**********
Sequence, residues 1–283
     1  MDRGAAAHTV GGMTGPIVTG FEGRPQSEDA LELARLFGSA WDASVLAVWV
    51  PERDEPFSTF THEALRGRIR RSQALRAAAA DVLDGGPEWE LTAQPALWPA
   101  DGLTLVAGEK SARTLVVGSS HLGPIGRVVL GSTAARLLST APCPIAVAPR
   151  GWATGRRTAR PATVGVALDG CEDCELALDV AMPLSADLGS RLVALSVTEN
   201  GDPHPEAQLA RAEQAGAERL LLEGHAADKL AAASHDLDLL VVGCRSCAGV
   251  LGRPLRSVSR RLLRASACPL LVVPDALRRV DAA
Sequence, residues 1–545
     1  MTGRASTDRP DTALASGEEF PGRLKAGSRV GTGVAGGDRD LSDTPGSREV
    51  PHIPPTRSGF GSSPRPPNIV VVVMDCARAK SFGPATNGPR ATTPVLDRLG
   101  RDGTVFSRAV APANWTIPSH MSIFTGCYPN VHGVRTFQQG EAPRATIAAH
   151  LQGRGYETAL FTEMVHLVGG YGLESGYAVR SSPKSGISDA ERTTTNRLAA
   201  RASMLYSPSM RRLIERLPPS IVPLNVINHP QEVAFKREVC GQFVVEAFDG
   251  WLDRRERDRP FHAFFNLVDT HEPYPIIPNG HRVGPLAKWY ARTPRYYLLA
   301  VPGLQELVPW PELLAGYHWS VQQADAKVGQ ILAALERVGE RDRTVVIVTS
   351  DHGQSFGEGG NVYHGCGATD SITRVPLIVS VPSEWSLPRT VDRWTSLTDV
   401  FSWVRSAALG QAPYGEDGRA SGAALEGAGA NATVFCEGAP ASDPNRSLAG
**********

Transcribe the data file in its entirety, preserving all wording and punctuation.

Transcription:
Sequence, residues 1–283
     1  MDRGAAAHTV GGMTGPIVTG FEGRPQSEDA LELARLFGSA WDASVLAVWV
    51  PERDEPFSTF THEALRGRIR RSQALRAAAA DVLDGGPEWE LTAQPALWPA
   101  DGLTLVAGEK SARTLVVGSS HLGPIGRVVL GSTAARLLST APCPIAVAPR
   151  GWATGRRTAR PATVGVALDG CEDCELALDV AMPLSADLGS RLVALSVTEN
   201  GDPHPEAQLA RAEQAGAERL LLEGHAADKL AAASHDLDLL VVGCRSCAGV
   251  LGRPLRSVSR RLLRASACPL LVVPDALRRV DAA
Sequence, residues 1–545
     1  MTGRASTDRP DTALASGEEF PGRLKAGSRV GTGVAGGDRD LSDTPGSREV
    51  PHIPPTRSGF GSSPRPPNIV VVVMDCARAK SFGPATNGPR ATTPVLDRLG
   101  RDGTVFSRAV APANWTIPSH MSIFTGCYPN VHGVRTFQQG EAPRATIAAH
   151  LQGRGYETAL FTEMVHLVGG YGLESGYAVR SSPKSGISDA ERTTTNRLAA
   201  RASMLYSPSM RRLIERLPPS IVPLNVINHP QEVAFKREVC GQFVVEAFDG
   251  WLDRRERDRP FHAFFNLVDT HEPYPIIPNG HRVGPLAKWY ARTPRYYLLA
   301  VPGLQELVPW PELLAGYHWS VQQADAKVGQ ILAALERVGE RDRTVVIVTS
   351  DHGQSFGEGG NVYHGCGATD SITRVPLIVS VPSEWSLPRT VDRWTSLTDV
   401  FSWVRSAALG QAPYGEDGRA SGAALEGAGA NATVFCEGAP ASDPNRSLAG